Measurement of Residual Disease in Acute Myeloid Leukemia.

PURPOSE OF REVIEW:

Assessment of measurable residual disease (MRD) after treatment can identify patients with acute myeloid leukemia (AML) that are at high risk of poor outcomes. However, there is no consensus yet regarding a standardized approach to measuring MRD that is most clinically meaningful. We review multiparameter flow cytometry (MFC) and reverse transcriptase polymerase chain reaction (RT-PCR), and discuss a framework for assessing remission MRD using next-generation sequencing (NGS).

RECENT FINDINGS:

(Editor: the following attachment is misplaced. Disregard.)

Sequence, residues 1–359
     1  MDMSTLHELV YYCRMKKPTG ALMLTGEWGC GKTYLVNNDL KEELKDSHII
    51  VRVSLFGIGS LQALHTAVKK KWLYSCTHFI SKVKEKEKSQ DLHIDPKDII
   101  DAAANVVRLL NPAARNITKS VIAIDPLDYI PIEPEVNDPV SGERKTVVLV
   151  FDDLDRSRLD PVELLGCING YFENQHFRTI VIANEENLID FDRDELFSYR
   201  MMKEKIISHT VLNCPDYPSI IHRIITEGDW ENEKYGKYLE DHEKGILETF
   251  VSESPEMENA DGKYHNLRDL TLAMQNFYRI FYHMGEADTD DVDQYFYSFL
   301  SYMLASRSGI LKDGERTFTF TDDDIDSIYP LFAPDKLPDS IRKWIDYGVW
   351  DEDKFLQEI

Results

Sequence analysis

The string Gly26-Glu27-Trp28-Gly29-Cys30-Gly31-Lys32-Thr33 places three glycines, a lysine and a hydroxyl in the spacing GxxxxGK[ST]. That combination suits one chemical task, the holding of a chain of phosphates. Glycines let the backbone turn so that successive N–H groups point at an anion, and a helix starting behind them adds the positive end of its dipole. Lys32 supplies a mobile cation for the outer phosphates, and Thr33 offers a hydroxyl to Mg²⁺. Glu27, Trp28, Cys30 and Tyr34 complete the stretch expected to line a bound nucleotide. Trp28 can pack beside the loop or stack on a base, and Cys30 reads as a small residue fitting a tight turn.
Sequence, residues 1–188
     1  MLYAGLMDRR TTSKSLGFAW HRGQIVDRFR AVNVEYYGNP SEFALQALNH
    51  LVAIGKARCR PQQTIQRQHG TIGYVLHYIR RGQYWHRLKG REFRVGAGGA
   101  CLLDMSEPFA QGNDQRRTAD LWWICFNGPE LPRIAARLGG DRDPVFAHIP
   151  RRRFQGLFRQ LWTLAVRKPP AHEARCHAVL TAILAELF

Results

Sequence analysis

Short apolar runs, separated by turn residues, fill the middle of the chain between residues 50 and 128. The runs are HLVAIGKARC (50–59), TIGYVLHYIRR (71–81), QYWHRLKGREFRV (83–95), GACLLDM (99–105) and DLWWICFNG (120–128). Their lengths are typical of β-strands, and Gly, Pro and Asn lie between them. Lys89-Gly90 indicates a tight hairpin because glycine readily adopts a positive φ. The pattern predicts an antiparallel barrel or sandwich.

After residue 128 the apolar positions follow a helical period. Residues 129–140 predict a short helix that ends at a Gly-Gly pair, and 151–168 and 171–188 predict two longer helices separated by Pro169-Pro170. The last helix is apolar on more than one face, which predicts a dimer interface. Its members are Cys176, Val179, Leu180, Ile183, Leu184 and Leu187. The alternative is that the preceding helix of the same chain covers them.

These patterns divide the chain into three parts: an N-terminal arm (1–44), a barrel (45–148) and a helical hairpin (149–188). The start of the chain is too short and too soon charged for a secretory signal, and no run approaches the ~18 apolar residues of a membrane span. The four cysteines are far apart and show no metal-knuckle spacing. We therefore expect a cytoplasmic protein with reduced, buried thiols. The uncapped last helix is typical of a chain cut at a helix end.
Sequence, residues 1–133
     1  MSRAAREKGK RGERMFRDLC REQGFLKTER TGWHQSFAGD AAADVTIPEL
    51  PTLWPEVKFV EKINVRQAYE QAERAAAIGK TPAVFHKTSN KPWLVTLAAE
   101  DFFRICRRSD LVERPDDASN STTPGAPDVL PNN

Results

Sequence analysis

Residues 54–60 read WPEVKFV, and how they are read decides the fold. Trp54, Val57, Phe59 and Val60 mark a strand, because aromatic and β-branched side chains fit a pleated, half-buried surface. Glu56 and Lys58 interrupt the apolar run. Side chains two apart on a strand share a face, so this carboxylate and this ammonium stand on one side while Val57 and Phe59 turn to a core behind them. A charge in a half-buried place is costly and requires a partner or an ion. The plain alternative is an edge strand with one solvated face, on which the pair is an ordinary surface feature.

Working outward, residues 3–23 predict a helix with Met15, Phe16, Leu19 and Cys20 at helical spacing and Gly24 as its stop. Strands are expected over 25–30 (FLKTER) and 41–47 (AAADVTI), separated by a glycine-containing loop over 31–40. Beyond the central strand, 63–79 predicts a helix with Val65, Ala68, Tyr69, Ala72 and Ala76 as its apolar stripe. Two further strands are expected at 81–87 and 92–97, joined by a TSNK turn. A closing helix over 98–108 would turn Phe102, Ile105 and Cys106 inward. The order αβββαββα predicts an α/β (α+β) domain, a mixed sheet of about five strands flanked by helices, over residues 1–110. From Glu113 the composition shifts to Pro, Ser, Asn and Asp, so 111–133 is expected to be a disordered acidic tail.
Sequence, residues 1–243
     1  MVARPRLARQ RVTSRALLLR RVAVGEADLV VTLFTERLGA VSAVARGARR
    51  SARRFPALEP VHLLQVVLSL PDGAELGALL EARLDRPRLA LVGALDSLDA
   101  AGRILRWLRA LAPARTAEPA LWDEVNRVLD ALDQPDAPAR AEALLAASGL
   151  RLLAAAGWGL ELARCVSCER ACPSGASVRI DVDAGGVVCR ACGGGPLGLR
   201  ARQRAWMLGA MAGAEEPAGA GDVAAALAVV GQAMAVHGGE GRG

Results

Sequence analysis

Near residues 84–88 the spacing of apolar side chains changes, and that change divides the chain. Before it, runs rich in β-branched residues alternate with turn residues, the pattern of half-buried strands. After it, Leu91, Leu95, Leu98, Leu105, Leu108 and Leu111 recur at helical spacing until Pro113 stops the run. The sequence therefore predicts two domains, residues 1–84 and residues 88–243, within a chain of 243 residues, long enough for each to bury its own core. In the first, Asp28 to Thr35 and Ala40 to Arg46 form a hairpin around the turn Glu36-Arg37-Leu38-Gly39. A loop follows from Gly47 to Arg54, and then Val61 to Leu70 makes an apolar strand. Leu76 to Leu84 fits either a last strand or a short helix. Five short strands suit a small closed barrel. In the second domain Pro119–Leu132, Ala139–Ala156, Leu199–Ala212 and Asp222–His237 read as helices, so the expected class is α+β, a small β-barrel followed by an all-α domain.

MFC and RT-PCR may not fully capitalize on the major advances that have been made in characterizing the genetic landscape of AML, which has offered insight into the biological and clinical implications of clonal genetic architecture. NGS has increasingly been shown to provide a qualitative and quantitative assessment of MRD with significant prognostic implications. The assessment of clonal architecture by NGS may complement or extend existing approaches for MRD monitoring. Long-term serial monitoring of diagnostic, remission, and relapse samples with clinical correlation will need to be performed in order to determine the impact of various MRD patterns using this technique.

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